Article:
It is very important to offer something visual in your presentation, to make it clearer for your audience, but even more, to make it more memorable (check the post on Memory hooks).
Don’t let the visuals distract the attention of your audience. You must still be in the centre of their attention, not your visuals!
For an example of effective usage of visuals, check out some of RSA Animate videos.
Powerpoint is an amazingly powerful tool, which can significantly improve your presentation. Yet did you ever hear of the term “death by powerpoint”? Be careful not to exhaust your audience with too many slides, and not to offer more information than one can process. Keep it simple, innovative, inspiring, memorable, and always be sure that your powerpoint supports your message, and you as a speaker, in the best possible way.
Here you can find some advices on how to use powerpoint efficiently: http://www.thinkoutsidetheslide.com/
If you would like to see how to use slides to hook your audience in a fascinating way, check Hans Rosling in his TED talks:
Flipcharts are great for presentations in which you would like to keep the audience more involved, and things more flexible.
Amazing book on how to create some wonderful flipcharts is called “The Big Book of Flip Charts” by Robert W. Lucas.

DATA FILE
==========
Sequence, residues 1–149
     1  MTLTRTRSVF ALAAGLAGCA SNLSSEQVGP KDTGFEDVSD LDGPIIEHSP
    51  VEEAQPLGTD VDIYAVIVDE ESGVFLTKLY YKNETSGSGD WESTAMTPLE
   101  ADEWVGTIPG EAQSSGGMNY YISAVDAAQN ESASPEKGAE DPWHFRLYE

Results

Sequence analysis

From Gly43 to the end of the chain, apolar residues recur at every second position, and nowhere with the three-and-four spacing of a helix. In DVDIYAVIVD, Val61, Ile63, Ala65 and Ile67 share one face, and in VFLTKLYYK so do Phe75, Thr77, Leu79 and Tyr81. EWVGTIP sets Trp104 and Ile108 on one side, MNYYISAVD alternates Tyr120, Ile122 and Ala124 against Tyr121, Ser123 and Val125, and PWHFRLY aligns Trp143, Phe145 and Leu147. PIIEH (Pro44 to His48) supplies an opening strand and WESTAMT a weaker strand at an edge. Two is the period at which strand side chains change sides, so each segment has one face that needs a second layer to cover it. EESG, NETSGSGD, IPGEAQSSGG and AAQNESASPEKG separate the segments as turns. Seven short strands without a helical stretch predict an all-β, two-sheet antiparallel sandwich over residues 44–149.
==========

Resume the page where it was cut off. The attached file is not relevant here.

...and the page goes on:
Some inspiring and practical advices can be found in this great blog:
You can use picture in the presentation to create Memory hooks for the ideas that you are conveying, and you can use them to inspire, create atmosphere, evoke the emotion, to make people smile, or to touch their hearts. Pictures are one of the most powerful tools, and it is definitely worth putting some effort into finding the right pictures for your presentation.
You are your own visual
Your own appearance is visual of its own. No matter how unfair it sounds, it is a fact that some people appear more credible, more expert, or more lost then others. Luckily, big part of the impression that you might leave is in your own power. Use your posture, clothes and accessories in a way that you leave a good impression, but also to support your presentation in a way that you grab the attention of your audience instead of potentially distracting them.
Good video about visual thinking (with some original slides as well) can be found here:
TEDx Talk from Sunni Brown about Creating the doodle revolution.